As a sport and exercise physician, Susan is a medical doctor with specialist training in the management of sports injuries and illnesses. She works with a range of patients at Olympic Park Sports Medicine Centre and has a special interest in pregnancy and exercise. She was a member of the national panel and working group that devised the SMA Benefits and Risks of Exercise during Pregnancy statement in 2003 following Netball Australia’s ban on pregnant netballers.
Her presentation will outline the relationship between bone stress injuries, female hormones and bone density.
‘All exercising people can develop bone stress that becomes symptomatic, but females have the additional concerns around hormones and bone density and its relationship to stress fractures,’ she says, adding that all physiotherapists could gain knowledge from the Women in Sport session.
‘So, they can understand this relationship and help in provide accurate advice on bone stress causation and management.’
Shan Morrison: Incontinence and sport
Shan, a Specialist Women’s, Men’s and Pelvic Health Physiotherapist (as awarded by the Australian College of Physiotherapists in 2009), describes her topic as the unspoken ‘silent epidemic’ affecting women in sport.
This is despite recent research from fellow APA physiotherapist Naomi Gill citing one in three females experiencing bladder problems when playing one of Australia’s most popular sports, netball. Each year Shan’s Melbourne practice, Women’s & Men’s Health Physiotherapy, sees more than 4500 new patients (men and women) with pelvic floor dysfunction. Although common, urinary incontinence and pelvic floor dysfunction are under-reported and under-treated in sportswomen, and are barriers to some women being physically active.
‘Women in sport doesn’t get talked about enough, but the population that I see, which is women who have urinary incontinence and pelvic floor dysfunction while participating in sport, is even less talked about. So, it’s very much a silent epidemic,’ Shan says.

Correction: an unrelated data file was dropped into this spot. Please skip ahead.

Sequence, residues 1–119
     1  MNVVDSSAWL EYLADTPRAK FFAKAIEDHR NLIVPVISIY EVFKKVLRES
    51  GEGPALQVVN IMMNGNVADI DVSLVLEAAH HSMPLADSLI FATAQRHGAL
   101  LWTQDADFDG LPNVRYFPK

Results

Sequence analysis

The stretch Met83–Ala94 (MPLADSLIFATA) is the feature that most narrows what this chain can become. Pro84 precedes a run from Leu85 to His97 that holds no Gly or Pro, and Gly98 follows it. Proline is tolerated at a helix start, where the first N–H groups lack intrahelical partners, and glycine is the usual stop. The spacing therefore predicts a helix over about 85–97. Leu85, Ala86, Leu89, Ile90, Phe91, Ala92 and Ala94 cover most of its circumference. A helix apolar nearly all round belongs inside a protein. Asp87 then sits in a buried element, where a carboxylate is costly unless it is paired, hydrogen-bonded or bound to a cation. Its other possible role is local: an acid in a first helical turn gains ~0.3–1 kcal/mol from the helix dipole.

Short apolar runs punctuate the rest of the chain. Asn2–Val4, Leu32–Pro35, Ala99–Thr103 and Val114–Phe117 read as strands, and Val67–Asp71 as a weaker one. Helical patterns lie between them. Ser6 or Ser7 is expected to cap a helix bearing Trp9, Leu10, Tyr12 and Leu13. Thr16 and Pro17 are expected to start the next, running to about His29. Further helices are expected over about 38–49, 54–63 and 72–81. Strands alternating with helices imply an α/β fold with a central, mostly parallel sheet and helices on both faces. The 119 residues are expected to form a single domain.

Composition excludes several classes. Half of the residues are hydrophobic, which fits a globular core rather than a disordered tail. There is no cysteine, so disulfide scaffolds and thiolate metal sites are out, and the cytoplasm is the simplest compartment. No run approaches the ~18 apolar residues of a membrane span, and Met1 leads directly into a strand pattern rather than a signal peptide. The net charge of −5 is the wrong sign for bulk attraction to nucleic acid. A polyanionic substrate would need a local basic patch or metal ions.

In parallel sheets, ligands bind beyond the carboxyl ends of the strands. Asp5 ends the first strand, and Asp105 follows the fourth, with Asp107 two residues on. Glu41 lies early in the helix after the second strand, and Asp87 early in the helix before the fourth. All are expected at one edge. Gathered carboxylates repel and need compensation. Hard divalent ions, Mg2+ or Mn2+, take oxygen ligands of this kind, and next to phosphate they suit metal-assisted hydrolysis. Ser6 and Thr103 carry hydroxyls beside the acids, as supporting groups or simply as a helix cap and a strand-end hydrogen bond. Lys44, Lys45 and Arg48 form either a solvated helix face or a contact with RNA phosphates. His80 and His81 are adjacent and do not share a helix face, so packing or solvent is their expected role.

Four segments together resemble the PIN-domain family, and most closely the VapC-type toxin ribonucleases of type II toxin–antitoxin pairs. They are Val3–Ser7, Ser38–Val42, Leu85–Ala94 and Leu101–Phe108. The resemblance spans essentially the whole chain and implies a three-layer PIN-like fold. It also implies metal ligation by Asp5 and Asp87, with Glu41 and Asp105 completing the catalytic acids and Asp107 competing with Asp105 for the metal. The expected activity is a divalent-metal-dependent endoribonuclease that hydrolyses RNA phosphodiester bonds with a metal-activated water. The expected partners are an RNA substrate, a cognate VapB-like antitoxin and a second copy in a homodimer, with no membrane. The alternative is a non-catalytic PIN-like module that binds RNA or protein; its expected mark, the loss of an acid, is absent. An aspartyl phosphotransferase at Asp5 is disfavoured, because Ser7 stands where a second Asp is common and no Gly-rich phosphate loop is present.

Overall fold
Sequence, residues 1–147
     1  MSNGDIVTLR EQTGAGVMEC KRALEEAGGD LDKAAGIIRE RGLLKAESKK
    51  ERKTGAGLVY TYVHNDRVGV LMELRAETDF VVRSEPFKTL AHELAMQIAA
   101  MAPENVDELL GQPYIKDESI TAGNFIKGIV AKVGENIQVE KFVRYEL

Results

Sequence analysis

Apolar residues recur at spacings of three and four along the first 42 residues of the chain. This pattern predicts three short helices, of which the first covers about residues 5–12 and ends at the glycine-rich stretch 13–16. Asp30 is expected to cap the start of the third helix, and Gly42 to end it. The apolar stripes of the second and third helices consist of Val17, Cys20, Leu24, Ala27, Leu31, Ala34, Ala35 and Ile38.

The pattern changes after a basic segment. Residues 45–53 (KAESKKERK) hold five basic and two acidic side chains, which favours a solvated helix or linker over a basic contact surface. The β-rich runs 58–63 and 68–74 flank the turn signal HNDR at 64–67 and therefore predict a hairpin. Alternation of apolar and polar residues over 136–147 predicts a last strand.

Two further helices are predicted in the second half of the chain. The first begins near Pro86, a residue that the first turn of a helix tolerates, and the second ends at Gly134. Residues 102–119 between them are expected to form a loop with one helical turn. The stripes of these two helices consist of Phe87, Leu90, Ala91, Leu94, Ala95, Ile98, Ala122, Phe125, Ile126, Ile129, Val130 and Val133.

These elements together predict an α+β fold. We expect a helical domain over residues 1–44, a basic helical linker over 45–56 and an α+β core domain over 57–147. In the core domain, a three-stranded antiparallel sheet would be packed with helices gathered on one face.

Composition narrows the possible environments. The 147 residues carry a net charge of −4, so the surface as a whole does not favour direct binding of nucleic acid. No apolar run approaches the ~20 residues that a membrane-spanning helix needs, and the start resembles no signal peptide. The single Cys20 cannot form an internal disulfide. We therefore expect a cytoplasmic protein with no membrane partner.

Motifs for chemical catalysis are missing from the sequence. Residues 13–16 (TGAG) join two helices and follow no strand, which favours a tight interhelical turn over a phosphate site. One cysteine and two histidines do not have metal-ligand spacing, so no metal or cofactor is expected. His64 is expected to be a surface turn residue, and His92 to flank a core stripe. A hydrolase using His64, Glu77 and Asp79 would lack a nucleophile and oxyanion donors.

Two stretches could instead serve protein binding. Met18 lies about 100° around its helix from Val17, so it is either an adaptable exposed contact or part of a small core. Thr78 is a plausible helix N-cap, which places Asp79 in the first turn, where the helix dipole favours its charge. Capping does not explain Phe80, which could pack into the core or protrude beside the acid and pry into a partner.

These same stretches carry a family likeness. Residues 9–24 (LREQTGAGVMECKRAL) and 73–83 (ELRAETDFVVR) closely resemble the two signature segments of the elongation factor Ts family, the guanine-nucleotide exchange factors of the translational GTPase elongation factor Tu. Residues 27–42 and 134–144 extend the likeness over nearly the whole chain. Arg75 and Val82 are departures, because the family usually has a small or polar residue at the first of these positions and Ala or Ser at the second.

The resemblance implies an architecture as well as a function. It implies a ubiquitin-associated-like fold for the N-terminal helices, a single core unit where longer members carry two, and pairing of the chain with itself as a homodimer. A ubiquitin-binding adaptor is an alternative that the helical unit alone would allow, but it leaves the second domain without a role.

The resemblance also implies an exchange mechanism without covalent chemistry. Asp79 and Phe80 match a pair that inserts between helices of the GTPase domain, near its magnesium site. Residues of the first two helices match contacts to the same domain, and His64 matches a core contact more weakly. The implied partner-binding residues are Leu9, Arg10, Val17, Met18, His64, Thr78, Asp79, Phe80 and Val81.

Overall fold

‘We see a massive embarrassment factor in the general population but more so in sport as women who participate in sport are meant to be seen as strong … they get injuries and are happy to talk about a hamstring injury or knee pains but we find women put up with incontinence for far longer than any musculoskeletal injury before they seek help.’
Shan says most sports involve high levels of intra-abdominal pressure that creates a downward force on the pelvic floor. When the pelvic floor muscles are functioning optimally, they contract to oppose the downward pressure, supporting the pelvic organs. However, repetitive jumping, landing or running can result in higher pressures that can lead to stretching and eventual weakening of the pelvic floor tissue. If a woman has experienced pregnancy or childbirth, the effect of intra-abdominal pressure is even more significant.
‘Parous women are a little bit more likely to report it because they have had discussions during their pregnancy and post-natal about the pelvic floor, but there is a much higher prevalence amongst nulliparous women, especially those participating in repetitive, high-impact sports.